Hi Everyone,

It was just two weeks ago that we celebrated Mass with Archbishop Vigneron in the Archdiocese of Detroit. Today I am writing you from the Archdiocese of San Juan in Puerto Rico. Puerto Rico means “rich harbor.” This is the first diocese in the Western Hemisphere and the “door” by which Christianity came to the Americas. My trip brings me here for two reasons; 1. We are updating the bishops in each of the six dioceses about the FEMA relief effort led by Manuel Martinez and our partners at Catholic Extension and Hagerty Consulting (all of the dioceses are seeking FEMA relief from Hurricane Maria or the earthquakes that struck a little over a year ago), and 2. The future Shrine to Our Lady of Divine Providence led by Eric Mercado and our staff at SFC.

Mary is very much a part of our CFCS mission.

May: The Month of Mary

I am curious how many of you have noticed in your diocese or in the greater Church the veneration of Mary during the month of May. Just a week ago we celebrated Mother’s Day, but in various dioceses there have been a number of liturgical celebrations and events celebrating Mary. I haven’t read exactly what led to this tradition in the Church during May. Of course, Mary is the Mother of God so how can we not celebrate her as our mother during the month we celebrate our own mothers? May also follows Easter, and I think it is through Mary’s eyes that we best understand the loss of Christ during Good Friday.

As for me, I came to the realization some years ago that our experience of God the Father and Mary as our Mother is dramatically impacted by the experience of love that we received from our own mother and father. When we are born we can’t even understand our dependence on the love that our mother brings to us, as we into the world. Before we can speak, our mother nurtures and cares for us, providing security and comfort. It was in the passing of my mother a few year ago that I felt as if I could understand the great love and sacrifice that Mary made in bring Christ into the world. As much as I was missing my mother, I understood more fully how much she had sacrificed for me as a child, a young man, and later as a husband and father.

With the work we do with families in our cemeteries and funeral homes, we all too often get to witness children and their parents saying good bye to their own mothers. Praying to Mary will help comfort families in their loss.

To understand Mary is to understand the love that God has for each of us.

The “Door” to Christ

Over the years I have had a number of people that ask me whether Catholics “worship” Mary. The answer is no. When we pray to Mary, we are asking her to bring us closer to her son, to intercede, to appeal to her son on our behalf, and pray for our intentions.

Over the five years we have worked in Puerto Rico, I have often pondered the meaning of this experience both personally and for CFCS. Just as Puerto Rico was the “door” by which Catholicism was brought to the Americas, for me and for CFCS it has been a similar experience of deepening our faith. Our shared experience with Archbishop Gonzalez and the staff in Puerto Rico has opened the “door” to renewing our faith. We started working in Puerto Rico because Servicios Funerarios Catolicos (Catholic Funeral Services) was struggling as it had over-expanded across the island and we needed to re-focus the ministry and business plan. When I first arrived, I was told that SFC was founded so they could help build a Shrine to Mary, Our Lady of Divine Providence, at the site called the Santuario where a large concrete cross 14-stories tall sits high above San Juan. At the time we started in Puerto Rico, I didn’t appreciate this devotion.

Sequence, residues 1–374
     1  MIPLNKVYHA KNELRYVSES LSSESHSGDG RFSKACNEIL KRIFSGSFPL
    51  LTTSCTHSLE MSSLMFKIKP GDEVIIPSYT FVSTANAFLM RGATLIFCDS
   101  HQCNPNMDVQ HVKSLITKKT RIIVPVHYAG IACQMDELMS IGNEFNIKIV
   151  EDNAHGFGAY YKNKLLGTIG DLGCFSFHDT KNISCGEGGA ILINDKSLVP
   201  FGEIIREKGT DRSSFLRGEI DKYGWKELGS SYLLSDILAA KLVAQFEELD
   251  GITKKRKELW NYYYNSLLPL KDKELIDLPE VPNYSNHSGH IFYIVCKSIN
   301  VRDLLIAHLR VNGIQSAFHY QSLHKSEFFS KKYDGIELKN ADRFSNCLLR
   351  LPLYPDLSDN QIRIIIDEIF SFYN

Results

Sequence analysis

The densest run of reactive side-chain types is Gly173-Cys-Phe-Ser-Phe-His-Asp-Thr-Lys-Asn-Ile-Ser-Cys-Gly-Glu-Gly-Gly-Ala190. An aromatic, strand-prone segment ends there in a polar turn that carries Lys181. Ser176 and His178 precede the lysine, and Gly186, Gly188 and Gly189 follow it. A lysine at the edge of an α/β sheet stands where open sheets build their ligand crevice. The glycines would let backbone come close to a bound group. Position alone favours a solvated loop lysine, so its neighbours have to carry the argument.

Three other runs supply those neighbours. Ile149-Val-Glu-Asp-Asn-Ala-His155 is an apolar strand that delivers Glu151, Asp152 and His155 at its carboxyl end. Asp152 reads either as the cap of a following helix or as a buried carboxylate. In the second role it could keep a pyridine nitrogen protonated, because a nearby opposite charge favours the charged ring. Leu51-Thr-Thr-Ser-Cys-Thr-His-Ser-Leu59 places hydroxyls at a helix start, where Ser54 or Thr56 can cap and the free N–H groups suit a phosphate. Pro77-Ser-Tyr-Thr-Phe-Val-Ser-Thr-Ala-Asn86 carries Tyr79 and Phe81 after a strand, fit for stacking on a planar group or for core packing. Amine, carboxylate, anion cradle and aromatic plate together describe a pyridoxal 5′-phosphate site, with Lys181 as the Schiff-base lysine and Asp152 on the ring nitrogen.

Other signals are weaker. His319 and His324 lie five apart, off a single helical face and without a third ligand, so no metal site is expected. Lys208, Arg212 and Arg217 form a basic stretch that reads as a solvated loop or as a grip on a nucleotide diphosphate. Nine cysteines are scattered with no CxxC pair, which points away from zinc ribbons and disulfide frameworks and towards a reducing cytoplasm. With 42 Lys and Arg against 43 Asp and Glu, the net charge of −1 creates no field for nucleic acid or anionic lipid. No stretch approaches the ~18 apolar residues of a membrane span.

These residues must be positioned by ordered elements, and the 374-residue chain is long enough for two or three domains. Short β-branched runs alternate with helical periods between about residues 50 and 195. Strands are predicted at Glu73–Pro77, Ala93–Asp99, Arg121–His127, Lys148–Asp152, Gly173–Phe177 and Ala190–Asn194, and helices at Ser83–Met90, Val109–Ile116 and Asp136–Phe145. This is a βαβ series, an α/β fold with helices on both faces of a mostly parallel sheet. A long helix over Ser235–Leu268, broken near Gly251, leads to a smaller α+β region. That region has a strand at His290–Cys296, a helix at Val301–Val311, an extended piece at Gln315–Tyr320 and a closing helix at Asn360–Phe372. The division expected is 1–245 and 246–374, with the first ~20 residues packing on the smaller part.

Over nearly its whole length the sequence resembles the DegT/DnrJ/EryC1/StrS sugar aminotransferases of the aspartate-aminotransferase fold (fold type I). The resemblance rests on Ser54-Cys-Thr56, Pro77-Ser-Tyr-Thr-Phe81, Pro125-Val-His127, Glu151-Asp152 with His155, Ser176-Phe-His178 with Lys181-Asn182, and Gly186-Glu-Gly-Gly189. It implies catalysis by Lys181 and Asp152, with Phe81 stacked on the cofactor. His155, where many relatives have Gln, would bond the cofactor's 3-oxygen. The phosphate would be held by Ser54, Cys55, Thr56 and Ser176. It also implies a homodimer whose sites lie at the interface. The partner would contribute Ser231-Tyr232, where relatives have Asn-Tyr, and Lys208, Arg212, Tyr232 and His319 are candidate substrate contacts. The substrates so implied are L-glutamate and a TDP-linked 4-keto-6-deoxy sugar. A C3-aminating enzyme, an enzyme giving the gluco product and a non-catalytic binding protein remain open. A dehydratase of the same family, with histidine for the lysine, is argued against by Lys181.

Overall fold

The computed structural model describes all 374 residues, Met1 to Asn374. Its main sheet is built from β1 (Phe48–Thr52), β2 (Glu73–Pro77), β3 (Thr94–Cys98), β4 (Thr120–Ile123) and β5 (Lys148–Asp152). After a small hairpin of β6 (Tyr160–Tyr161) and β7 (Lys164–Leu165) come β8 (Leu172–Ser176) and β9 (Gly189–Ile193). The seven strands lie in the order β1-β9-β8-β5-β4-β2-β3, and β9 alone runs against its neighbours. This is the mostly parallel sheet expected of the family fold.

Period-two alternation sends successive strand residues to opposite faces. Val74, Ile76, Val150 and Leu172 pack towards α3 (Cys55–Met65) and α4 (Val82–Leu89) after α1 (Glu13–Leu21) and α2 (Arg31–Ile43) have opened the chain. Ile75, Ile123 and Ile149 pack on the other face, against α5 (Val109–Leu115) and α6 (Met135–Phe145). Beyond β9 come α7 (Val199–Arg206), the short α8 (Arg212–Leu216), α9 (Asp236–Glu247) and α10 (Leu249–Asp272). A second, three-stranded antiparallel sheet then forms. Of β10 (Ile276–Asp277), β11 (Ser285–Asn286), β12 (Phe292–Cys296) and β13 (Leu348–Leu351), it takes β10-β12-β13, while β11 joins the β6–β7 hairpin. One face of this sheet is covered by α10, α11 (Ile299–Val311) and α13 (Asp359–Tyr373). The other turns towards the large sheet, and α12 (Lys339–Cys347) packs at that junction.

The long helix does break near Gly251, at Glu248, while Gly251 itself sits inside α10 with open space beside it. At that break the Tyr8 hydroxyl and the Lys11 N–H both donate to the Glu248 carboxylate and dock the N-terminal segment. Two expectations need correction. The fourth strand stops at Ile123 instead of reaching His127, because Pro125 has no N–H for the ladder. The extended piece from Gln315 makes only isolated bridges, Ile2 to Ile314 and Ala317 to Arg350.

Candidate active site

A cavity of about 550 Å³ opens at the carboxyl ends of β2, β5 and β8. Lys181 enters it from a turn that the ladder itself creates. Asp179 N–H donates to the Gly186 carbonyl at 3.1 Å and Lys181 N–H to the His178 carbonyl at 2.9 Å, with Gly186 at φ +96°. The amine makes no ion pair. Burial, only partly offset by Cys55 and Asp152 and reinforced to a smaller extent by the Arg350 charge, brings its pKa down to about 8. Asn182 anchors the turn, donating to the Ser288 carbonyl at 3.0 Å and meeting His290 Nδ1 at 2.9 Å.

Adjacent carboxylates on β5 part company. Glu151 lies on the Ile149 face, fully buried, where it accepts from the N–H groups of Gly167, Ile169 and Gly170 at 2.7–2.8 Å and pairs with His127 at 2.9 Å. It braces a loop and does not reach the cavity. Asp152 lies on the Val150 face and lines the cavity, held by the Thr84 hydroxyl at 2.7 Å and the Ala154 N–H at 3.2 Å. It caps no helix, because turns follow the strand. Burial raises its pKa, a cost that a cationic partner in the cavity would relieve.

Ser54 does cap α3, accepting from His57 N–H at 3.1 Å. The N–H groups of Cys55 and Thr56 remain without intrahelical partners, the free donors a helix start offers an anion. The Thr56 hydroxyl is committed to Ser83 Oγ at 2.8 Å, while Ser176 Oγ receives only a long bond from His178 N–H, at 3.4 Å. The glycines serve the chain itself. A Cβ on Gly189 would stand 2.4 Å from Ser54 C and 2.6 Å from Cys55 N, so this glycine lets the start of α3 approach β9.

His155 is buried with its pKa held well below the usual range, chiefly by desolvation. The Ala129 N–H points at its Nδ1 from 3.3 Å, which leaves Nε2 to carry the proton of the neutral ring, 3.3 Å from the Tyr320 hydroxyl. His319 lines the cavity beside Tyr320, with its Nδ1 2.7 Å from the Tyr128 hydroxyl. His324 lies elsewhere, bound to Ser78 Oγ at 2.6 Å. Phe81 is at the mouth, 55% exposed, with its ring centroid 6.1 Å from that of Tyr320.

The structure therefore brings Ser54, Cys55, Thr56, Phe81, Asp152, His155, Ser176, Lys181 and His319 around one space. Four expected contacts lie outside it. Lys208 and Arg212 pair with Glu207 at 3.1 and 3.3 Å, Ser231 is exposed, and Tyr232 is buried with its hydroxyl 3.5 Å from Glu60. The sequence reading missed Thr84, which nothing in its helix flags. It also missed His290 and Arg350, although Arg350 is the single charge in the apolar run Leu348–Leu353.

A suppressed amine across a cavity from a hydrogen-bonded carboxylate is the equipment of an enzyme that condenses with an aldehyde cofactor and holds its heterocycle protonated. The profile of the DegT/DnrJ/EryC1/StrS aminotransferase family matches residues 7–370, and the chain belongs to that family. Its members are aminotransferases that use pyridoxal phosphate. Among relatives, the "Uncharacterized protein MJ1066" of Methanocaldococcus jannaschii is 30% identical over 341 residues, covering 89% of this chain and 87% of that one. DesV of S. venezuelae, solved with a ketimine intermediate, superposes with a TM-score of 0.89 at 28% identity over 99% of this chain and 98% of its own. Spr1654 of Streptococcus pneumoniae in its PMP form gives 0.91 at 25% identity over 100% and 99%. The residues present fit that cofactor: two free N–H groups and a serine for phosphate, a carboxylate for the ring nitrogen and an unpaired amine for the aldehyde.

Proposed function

In Puerto Rico, funeral masses were routinely performed at funeral homes not parishes. SFC was originally commissioned to bring Catholics back into the parish for mass when a loved one died. We are the only funeral home allowed to do so. It was in the ensuing years that we endured Hurricane Maria, then earthquakes, and now a pandemic. If you were to ever think of a people who rightly should give up, it would be the Puerto Ricans. Yet, if you want to find a more joy-filled community, it is there. You can’t find a more devout and passionate staff than the employees of SFC. It is infectious.

This year we are looking once again at establishing a cemetery at the Santuario and hopefully raising the funds to build the first chapel at the site. It is in the faith of the people of Puerto Rico that we will venerate once again Mary, Our Lady of Divine Providence, who brings her son to the Americas and to CFCS. Let us pray for the Shrine to be built and to help the people of Puerto Rico realize a dream.

Mother Mary pray for us!

With blessings and gratitude,